I have a terrible memory for names and faces, so it wasn't all that surprising that when I introduced myself to Gab707 at this year's NYCDFF Day of Drones, he had to remind me that we met at that very spot last year. In my defense, he wasn't THE Gab707 at that time. In the intervening year he'd become quad-famous, landing a spot on DRL as well as creating a beautiful video that went viral in the real world, not just our little drone world.
We had a real nice chat, during which the physics major schooled me on some quad flight misconceptions. It may be bruising for the ego to be proven wrong, but it's great to learn new things.
And so it was that much more rewarding when Gab wrote to tell me how much he liked the Odonata, and would like to have one to shoot smooth but gimbal-less videos. I sent him the last remaining prototype and eagerly waited to see what he'd do with it – there literally wasn't a better person for it.
When Gab wrote back a month or two later he had a huge list of suggestions (he'd also hacked up my beautiful baby). I initially declined since the mods were too much work for a frame that I didn't think anyone else would want, but as we discussed it more I got increasingly intrigued by the challenge. His wish list was as follows:
Fpv cam has to have a unobstructed view even at 0 degrees of tilt. The GoPro would be at 0 degrees or even be tilted down most of the time. It's a video rig, not a freestyle rig like Odonata.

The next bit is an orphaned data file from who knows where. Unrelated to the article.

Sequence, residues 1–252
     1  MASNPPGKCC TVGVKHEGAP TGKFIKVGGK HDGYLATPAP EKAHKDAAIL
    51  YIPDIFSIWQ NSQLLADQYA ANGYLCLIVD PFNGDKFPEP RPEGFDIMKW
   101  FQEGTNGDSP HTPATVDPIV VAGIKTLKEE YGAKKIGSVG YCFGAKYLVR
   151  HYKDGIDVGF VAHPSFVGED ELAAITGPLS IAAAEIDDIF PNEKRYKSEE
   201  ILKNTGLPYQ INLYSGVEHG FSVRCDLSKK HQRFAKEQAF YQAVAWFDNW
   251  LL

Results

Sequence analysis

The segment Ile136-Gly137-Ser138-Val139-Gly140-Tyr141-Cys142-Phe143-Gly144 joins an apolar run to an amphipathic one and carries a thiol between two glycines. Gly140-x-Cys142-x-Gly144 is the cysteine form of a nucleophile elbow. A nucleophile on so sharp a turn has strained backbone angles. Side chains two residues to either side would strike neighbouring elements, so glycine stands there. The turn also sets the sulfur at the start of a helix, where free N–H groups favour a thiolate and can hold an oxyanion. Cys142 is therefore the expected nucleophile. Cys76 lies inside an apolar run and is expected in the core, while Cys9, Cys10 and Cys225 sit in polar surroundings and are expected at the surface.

Flaco style arms for max efficiency, attached with just two bolts.
No pdb: either use an aio fc or 4 in 1 esc.
Little or no camera protection. As a video rig it should almost never be crashed, so lose the cage.
My first thought was to put the fpv cam next to the GoPro, a la the TBS Discovery. But unlike the Discovery, the cam would be in the same mount as the GoPro so that it could match its angle to give the pilot the best sense of what the GoPro was shooting. This would also center the GoPro lens on the frame. Additionally, the fpv cam would be allowed to pivot within the mount in case you wanted to fly with a different angle than the GoPro. And of course, both would have unobstructed views at all angles.
6x6mm Flaco arms are really strong when you build the frame stock. Add a Session with the Zoompod and the arms break more often. My guess is that with the weight of this frame and greater length for 6" props, the arms would have to be at least 8x8. The three pronged GoPro mount is 15mm tall, so with a 2mm mid plate and a 3mm bottom plate, a 10x10 arm would fill that space perfectly. It might be overkill but I think it's a good tradeoff for strength and vibration resistance. The motor mount area will be milled out to 4mm to save weight.
With no cam protection, the nose of the frame would simply taper down to the GoPro mount, a sandwich of the mid and bottom plates with a 3d printed piece in the middle.
With such unusual proportions the frame was a bit tricky to draw up, and the result is just plain weird, but with a peculiar charm. The reason for its name should be obvious...
The very first flight was taken with the fpv cam at 0 tilt and the GoPro pointed slightly down, what I assumed would be a typical filming setup. As soon as it took off I freaked out. I'd been flying for so long with 45 degree tilt that 0 just felt wrong now. With the quad level throttle was way jumpier, and with roll and yaw reverted to their natural axes things just felt...weird. I quickly landed it and gave the fpv cam some tilt, after which it flew like a normal quad. I'd been messing with the pt1 filters and the quad flipped out on a flip, going into a death roll and a hard crash. The cam mount broke, as did the two main body plates, the consequence of using super strong 10mm arms, I guess.
I was using the GoPro tabs for the mount, but in reality you'd never use a GoPro accessory. I changed the three flanges to a solid tab, which should be much stronger.
And here it is built up.